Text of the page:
One can travel this world and see nothing. To achieve understanding it is necessary not to see many things, but to look hard at what you do see.     ~ Georgio Morandi

In the Sink

In the Sink      ©2017 Elizabeth Fram

Drawing is rather like playing chess: your mind races ahead of the moves that you eventually make.     ~ David Hockney

Tools

Kitchen Tools     ©2017 Elizabeth Fram

Drawing is not what one sees, but what one can make others see.     ~Edgar Degas

Wine Sugar Cookie Jar

Wine, Sugar Bowl, Cookie Jar      ©2017 Elizabeth Fram

I have learned that what I have not drawn, I have never really seen.     ~ Frederick Franck

An Unexpected Cold Remedy

But first — happy news this past week! I had the wonderful opportunity to meet and chat with painter Tessa Greene O’Brien, who generously took an afternoon off from her residency at the Vermont Studio Center for a studio visit here with me. Tessa is organizing an exhibition at Able Baker Contemporary in Portland, ME this June/July, which will be based on the work of a number of artists who take a formal and painterly approach to their work while incorporating textiles in some form. I am very honored and excited to have been invited to participate! Stay tuned for further details as they unfold.

Plant

©2017 Elizabeth Fram

Meanwhile, it’s that time of the year again. The seasons are changing and my “number came up”, meaning it was my turn to contend with a head cold. Enough time has passed since my last one that I have no right to complain, but it’s hard to be stoic when it feels like your head is filled with socks and that you’re dragging the equivalent of Jacob Marley’s chains from room to room. I know you know the feeling.

I’m fortunate it didn’t last long, and I am grateful that the combo of a sketchbook and a pen make for a great diversion. You can’t spend too much time concentrating on how miserable you feel when your brain is busy comparing the space between shapes and getting a curve “just so”.

Quinn 1

Quinn #1     ©2017 Elizabeth Fram

I continue to be challenged by the relatively wide line of my Lamy Safari fountain pen. Crosshatching and creating a sense of form with a much finer .01 Micron nib is comparatively effortless, producing lines that seem to be naturally more energetic. The thicker stroke of the Safari feels decidedly more awkward and necessitates thinking more in terms of variety of mark and pattern in order to achieve values and textural interest.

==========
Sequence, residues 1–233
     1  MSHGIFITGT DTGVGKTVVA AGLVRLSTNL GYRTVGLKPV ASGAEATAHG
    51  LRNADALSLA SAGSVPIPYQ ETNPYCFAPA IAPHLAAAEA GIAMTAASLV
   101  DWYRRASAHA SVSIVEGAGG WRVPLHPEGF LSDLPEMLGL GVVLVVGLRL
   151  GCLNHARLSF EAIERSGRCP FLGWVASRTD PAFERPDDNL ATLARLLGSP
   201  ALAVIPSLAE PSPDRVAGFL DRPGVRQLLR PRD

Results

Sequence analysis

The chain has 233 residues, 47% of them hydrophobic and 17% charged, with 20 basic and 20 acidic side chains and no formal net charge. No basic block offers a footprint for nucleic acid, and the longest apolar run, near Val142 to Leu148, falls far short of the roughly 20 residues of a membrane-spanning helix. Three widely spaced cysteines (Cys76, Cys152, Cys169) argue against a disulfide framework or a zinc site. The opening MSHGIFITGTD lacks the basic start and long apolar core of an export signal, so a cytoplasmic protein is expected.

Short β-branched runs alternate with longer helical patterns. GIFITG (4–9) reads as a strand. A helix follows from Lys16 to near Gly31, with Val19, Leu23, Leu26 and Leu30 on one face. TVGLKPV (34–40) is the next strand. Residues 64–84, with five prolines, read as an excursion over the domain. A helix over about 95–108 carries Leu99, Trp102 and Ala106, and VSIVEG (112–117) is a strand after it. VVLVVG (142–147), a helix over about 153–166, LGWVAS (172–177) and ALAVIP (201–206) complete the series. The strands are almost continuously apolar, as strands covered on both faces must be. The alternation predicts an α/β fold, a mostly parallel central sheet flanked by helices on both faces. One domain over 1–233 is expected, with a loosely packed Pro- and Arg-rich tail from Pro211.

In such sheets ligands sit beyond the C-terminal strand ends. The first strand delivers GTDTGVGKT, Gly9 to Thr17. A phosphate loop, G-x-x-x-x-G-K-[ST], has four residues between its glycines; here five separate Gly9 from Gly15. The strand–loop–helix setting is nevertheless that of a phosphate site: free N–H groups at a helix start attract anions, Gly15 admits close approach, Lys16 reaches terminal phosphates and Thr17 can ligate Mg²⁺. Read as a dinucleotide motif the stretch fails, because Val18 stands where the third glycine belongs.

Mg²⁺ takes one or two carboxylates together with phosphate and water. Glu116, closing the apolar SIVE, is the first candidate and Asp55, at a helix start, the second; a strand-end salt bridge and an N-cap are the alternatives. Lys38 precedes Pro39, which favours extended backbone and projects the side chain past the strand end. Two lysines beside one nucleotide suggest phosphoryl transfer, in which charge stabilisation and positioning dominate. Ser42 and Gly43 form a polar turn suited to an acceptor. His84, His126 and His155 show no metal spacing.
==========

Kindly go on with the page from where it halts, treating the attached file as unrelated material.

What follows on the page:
Drawing with this pen is a whole different ball game and one that doesn’t come particularly easily to me. But I’m determined to stick with it for two reasons: 1) it’s the only pen I have that glides smoothly (without wearing down), over the relatively rough paper of my Classic Cachet sketchbook… & I still have 1-1/2 sketchbooks of this paper yet to fill! And 2) I’m committed to making it work and hope that by putting in the hours I’ll achieve some level of proficiency. After three months of pretty much daily practice, I’m beginning to see some faint glimmers of progress, but I still have a long way to go.

Quinn 2

Quinn #2     ©2017 Elizabeth Fram

I am reminded of my past post The Reward of Getting it Wrong, in which I wrote about Kathleen Speranza acknowledging that you have to make many, many pieces in order to glean a handful of successes. She estimates she achieves about a 50% success rate; I am way behind that.

But being cozied up on the sofa with the dog, a cup of tea, and a box of kleenex nearby is not only as good a time as any to log in some practice, but also my best suggestion for getting ahead of a pesky cold.

Again and Again…and Again

For the past two weeks I have been so busy posting images of the latest stitched piece that I completely forgot to show you the original sketch.  It would have made much more sense to insert it last week rather than the quick waterbrush drawing of Quinn, but the happy result of my absent minded oversight is it made figuring out what to write this week much easier!

Coffee 1